I will always remember my first meeting with “Bob,” a young adult male being admitted into our adult residential eating disorder program. What really struck me was his initial expectations about residential treatment. He thought he would be confined to a room, cut off from the outside world and be taking part in frightening therapy sessions. Little did he know, he was about to be pleasantly surprised.
It’s the type of surprise I see almost every day with my clients. Frankly, it’s one of the best parts about my job. I love witnessing the reaction of adults who achieve what they may think to be small milestones, yet carry much more significant meaning. I love seeing them open their eyes to just how far their hard work is taking them in their own recovery journeys. And like Bob, it can be exciting to hear someone say, “Wow, treatment is totally different than I thought it would be.”
The latter understandably happens a lot with residential treatment. The term “residential treatment” itself might not elicit the very warmest of feelings, or visions of something groundbreaking or innovative. But don’t be fooled – as our understanding of eating disorders evolves, so does the makeup of the programming designed to best treat them.
Here’s a look at some more innovative components to residential treatment for adults with eating disorders:
Residential treatment is never the same experience for any two people. Each individual enters with their own unique set of skills and needs. Often times, eating disorders accompany other conditions such as depression, anxiety or trauma. Many residential programs today are designed to help treat those conditions too.
At Walden, for instance, we’ve developed curricula for both a trauma group and a substance use group. They each run bi-weekly and aim to support residents as they discover the connection between their eating disorder and their trauma history or substance use. These groups allow for discussion and support, as well as invaluable education and skill building. They are held in comfortable and confidential settings, which can help eliminate any feelings of shame or embarrassment. Being in a group with people who may have had similar experiences can also help clients feel more connected and less alone.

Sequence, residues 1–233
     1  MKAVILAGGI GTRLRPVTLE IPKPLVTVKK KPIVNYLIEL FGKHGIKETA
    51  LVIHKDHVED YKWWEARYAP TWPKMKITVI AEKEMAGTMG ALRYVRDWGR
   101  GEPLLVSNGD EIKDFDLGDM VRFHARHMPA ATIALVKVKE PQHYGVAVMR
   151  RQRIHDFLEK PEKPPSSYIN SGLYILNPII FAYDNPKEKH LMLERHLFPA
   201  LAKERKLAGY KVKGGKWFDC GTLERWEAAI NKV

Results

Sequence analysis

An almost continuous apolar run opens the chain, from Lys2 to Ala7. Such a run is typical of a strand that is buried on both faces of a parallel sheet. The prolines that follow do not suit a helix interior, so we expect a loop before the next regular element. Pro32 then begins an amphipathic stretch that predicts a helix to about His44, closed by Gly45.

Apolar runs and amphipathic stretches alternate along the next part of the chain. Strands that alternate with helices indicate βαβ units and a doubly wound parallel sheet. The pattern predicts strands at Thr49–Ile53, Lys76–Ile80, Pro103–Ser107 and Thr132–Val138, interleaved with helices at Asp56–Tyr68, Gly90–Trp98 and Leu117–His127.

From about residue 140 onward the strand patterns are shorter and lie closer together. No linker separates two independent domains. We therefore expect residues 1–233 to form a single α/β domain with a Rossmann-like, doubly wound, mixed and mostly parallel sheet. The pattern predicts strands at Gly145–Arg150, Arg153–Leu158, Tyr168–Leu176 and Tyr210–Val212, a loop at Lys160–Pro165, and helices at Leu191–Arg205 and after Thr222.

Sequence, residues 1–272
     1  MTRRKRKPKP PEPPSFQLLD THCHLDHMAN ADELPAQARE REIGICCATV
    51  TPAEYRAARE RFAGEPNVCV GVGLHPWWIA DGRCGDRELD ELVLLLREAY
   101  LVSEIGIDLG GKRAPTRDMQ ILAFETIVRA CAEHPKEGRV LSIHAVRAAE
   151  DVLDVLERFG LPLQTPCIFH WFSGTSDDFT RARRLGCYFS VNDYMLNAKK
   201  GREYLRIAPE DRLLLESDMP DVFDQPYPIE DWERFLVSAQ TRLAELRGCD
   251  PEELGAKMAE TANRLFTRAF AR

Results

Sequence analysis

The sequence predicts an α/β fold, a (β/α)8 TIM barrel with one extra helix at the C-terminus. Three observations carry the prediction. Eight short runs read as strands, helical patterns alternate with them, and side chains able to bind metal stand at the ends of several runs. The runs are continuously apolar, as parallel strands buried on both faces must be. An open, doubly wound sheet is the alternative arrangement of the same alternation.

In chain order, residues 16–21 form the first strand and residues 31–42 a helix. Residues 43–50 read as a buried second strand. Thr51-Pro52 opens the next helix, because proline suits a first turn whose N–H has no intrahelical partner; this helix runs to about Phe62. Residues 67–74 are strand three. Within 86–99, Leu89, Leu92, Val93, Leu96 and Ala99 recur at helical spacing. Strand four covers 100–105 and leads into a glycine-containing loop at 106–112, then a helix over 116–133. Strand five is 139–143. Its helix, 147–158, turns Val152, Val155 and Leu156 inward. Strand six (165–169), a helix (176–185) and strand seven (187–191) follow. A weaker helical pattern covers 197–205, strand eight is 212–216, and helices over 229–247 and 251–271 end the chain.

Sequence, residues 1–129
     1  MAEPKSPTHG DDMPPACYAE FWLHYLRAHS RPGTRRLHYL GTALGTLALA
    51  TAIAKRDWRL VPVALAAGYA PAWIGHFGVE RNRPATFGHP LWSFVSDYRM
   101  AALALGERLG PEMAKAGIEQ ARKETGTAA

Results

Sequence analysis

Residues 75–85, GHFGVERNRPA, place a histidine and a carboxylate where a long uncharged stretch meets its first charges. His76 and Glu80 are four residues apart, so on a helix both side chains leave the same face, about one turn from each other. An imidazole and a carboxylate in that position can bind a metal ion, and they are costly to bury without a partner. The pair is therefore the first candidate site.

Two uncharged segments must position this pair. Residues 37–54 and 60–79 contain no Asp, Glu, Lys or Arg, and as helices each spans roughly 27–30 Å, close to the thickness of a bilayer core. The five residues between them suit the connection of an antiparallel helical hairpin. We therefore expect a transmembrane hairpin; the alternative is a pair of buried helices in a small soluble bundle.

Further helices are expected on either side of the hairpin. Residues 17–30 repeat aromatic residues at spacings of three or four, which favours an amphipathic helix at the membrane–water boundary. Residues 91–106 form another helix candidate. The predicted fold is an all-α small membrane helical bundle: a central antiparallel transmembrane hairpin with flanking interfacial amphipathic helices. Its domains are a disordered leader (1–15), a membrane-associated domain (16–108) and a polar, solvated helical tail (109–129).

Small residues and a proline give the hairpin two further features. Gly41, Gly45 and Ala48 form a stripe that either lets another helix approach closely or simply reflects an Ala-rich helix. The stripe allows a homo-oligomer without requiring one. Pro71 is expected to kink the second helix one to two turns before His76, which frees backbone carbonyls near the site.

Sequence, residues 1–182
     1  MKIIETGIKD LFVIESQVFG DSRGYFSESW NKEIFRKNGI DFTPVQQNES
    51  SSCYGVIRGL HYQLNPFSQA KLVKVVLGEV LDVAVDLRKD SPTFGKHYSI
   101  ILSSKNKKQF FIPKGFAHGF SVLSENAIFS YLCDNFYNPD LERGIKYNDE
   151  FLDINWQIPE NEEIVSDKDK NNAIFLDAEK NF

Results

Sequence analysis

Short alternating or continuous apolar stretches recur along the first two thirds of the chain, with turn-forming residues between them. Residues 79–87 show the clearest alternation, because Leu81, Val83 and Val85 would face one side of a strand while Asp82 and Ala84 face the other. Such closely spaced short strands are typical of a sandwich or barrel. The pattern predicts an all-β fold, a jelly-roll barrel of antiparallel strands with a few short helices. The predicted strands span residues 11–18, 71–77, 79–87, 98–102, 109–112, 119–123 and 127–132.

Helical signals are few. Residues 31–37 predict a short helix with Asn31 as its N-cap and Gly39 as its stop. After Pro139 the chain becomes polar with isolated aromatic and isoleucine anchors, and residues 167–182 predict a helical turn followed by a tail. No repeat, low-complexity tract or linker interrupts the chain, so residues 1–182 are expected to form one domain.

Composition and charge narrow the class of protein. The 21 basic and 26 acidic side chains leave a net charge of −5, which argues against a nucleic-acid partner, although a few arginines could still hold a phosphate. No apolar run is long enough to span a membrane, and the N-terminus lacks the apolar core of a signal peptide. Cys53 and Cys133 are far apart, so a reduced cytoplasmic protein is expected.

Many residential facilities prepare you for life outside of treatment. Exposure therapy plays a big part, providing the skills and strong mindset to persevere through experiences that may previously have caused high levels of anxiety and/or stress. Exposures within residential programming may mean trips to the grocery store–with the support of staff helping you shop for certain types of foods or ingredients. It might also mean shared dinners, where residents cook dinner for everyone then eat together family style. Exposures are designed to increase comfort around food and flexibility when eating meals prepared by others. At Walden, we have a full-time diet-tech to assist with meal planning, cooking skills and problem-solving during the exposure.
Many residential programs now operate on a level system, fostering a more motivating and goal-oriented environment. Here at Walden, we have three levels. Each individual enters the program on level 1. After five days they can apply for level 2, and then after another week, they can apply for level 3. Each level has its own set of privileges and exposure activities. We understand that exposures can be challenging, and so want to ensure we are doing it in a thoughtful manner.
Are you interested in learning more about eating disorder residential treatment for adults? Click here!
Rebecca Rubin, LCSW, is an adult clinician at Residential Treatment, providing individual, group, and family therapy to adults with eating disorders. Rebecca received her Bachelor’s Degree in Psychology and Leadership Studies from The University of Rhode Island, and her Master’s Degree in Clinical Social Work from Simmons College with a Clinical Concentration in Children and Families, and an additional license as a School Social Worker/Adjustment Counselor. Rebecca works to meet each individual where they are at by using a strengths-based approach, and incorporating cognitive and dialectal behavior therapies. Rebecca also runs a group based off of SMART recovery, aimed to assist those working towards or questioning sobriety of addictive behaviors. In her spare time, Rebecca enjoys spending time outdoors and reading.